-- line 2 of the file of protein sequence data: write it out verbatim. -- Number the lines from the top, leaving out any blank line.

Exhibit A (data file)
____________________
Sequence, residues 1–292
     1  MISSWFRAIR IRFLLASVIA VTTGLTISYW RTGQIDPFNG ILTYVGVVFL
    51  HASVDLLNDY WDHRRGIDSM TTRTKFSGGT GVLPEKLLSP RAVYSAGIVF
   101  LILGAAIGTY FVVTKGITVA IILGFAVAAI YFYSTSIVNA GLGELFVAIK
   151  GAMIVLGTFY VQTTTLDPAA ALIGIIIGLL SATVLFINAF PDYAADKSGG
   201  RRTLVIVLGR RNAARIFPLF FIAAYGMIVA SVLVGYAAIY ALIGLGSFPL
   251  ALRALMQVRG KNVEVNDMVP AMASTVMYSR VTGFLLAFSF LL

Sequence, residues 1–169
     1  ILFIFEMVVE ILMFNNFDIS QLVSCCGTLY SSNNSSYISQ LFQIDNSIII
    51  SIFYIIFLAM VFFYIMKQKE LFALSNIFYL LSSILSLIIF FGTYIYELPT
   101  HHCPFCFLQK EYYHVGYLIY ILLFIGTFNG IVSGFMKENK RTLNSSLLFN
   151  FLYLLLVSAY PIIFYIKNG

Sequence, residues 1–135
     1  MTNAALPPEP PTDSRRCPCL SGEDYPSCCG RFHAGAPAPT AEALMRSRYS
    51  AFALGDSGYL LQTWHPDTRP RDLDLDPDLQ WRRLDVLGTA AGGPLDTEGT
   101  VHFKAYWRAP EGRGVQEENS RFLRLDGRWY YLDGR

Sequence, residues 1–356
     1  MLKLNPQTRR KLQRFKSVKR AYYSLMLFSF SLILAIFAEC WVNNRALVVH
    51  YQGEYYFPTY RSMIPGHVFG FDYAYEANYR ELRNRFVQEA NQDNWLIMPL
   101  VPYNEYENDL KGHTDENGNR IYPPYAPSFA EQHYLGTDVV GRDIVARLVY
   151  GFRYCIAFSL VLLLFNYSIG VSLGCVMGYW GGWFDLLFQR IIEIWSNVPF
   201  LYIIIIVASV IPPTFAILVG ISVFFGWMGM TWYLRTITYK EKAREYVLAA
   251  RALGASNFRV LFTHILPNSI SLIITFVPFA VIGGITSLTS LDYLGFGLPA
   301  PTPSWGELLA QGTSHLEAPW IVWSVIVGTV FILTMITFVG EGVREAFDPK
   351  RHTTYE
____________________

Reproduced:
     1  MISSWFRAIR IRFLLASVIA VTTGLTISYW RTGQIDPFNG ILTYVGVVFL